Lomography x Perimetro - 36 Shots, One Story: Interview with Arianna Angelini

This big open call attracted more than 250 submissions, and involved a network of 39 partners including cultural institutions, photography schools, magazines, labs and independent creative spaces who supported us by selecting the winning projects.

Seven photographers from seven Italian cities (Bologna, Florence, Milan, Naples, Palermo, Rome and Turin) told their own stories with a roll of Lomography film. The projects were all different from each other, without rules or themes to follow, for results that, in 36 shots, rediscovered the pleasure of surprise and the beauty of the unexpected. Today we present one of these projects by Arianna Angelini, entitled Benedetta Malinconia and shot on Berlin Kino B&W film.

© Arianna Angelini - Berlin Kino

Hi Arianna! Tell us about this fantastic project. How did the idea come about?

Hello Lomography, what a pleasure to talk to you again! Benedetta Malinconia (Blessed Melancholy) is a project created to give voice to that sense of summer sadness and melancholy that assails me every year and makes me feel helpless and unable to experience time. I wanted to try for the first time to express this feeling but more importantly to exorcise it through something as visual and tangible as a diary. I wanted this project to be personal but at the same time something that everyone could identify with and find themselves in.

© Arianna Angelini - Berlin Kino

You paired your photos with your thoughts, handwritten by your grandmother. What was it like to involve her in this project?

Involving my grandmother in the project was perhaps the best part of the whole process. It was something that came about at the very last moment, when I had all the photos in front of me. Putting them together I realized that something was missing. I promised myself to create a kind of diary accompanied by sentences and thoughts that represented the moment and the feelings I was experiencing, and so I did. I used phone notes writing down the date each time and a thought I was feeling at the exact moment I was taking the picture, and then I decided to have my grandmother transcribe everything because I, like her, have always experienced everything with extreme nostalgia. I involved her in the project because she represents a very important part of me and because the more I spend time with her, the more I realize how much I, especially in emotions, resemble her.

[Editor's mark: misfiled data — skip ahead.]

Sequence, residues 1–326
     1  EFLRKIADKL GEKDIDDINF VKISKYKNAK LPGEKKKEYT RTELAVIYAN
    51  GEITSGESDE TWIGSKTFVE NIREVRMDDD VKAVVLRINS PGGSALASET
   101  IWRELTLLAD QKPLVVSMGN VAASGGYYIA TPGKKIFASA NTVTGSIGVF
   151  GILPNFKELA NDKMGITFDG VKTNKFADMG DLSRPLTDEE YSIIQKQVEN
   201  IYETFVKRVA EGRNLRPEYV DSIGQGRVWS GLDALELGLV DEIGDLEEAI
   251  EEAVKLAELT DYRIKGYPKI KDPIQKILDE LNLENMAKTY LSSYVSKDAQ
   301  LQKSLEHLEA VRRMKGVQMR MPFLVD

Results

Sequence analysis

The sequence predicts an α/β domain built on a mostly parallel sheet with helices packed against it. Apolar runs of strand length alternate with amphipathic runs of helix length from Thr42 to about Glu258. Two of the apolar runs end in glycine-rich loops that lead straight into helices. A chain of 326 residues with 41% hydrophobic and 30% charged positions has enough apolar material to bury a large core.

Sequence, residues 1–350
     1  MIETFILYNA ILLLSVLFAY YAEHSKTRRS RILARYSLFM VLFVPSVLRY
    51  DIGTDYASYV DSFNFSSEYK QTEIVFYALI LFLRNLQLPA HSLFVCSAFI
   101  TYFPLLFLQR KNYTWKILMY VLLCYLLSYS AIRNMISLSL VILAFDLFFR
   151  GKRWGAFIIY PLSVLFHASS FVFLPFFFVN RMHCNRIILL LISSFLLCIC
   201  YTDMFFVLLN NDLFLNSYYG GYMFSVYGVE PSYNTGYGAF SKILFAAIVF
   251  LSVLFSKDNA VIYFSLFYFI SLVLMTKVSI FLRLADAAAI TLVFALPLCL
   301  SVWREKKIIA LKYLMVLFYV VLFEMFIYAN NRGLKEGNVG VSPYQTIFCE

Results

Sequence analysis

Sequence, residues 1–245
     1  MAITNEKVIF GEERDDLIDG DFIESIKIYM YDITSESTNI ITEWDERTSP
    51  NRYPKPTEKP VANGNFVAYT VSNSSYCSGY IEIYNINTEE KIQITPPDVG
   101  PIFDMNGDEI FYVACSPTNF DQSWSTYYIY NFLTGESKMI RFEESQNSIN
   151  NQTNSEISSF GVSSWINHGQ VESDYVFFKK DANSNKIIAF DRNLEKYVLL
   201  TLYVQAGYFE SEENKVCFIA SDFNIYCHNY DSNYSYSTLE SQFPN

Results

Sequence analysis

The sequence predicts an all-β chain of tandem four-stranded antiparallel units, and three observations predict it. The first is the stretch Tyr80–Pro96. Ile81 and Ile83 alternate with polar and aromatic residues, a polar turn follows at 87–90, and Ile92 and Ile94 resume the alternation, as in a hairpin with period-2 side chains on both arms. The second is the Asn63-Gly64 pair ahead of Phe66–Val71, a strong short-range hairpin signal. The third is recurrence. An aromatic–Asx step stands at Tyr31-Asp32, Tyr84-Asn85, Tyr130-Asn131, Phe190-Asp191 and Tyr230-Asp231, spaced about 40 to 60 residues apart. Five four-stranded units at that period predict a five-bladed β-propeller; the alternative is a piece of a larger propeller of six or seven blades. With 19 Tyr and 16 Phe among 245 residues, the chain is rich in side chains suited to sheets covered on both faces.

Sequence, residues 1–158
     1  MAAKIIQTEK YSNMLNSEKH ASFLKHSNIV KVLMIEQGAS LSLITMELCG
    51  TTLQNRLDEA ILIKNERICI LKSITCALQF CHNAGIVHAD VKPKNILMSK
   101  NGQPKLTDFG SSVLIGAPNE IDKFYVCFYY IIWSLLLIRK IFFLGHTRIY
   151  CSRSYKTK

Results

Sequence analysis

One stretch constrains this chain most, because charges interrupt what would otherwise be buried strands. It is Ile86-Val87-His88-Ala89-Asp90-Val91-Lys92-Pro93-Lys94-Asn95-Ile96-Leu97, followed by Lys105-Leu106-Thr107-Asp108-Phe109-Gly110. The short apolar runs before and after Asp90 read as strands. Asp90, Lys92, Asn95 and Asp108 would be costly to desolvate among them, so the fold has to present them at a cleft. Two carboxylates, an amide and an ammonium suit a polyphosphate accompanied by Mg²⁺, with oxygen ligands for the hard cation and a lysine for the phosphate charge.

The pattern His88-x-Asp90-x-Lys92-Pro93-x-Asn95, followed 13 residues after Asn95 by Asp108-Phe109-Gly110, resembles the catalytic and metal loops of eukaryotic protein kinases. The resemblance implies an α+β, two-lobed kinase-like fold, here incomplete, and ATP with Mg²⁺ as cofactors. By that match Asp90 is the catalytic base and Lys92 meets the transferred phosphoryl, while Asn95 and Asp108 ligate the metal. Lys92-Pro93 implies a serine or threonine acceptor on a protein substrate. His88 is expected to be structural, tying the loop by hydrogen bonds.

© Arianna Angelini - Berlin Kino

You chose to shoot this project with our film Berlin Kino. Why this choice and what features particularly impressed you about this film?

I chose the Berlin Kino because I wanted to shoot with a film I was not familiar with and because I felt the need to tell the story of the project through black and white. It was a wonderful discovery and I loved this film because in my opinion it is very delicate and returns photos with a wide range of grays that make the atmosphere soft and dreamy.

© Arianna Angelini - Berlin Kino

Which camera did you use?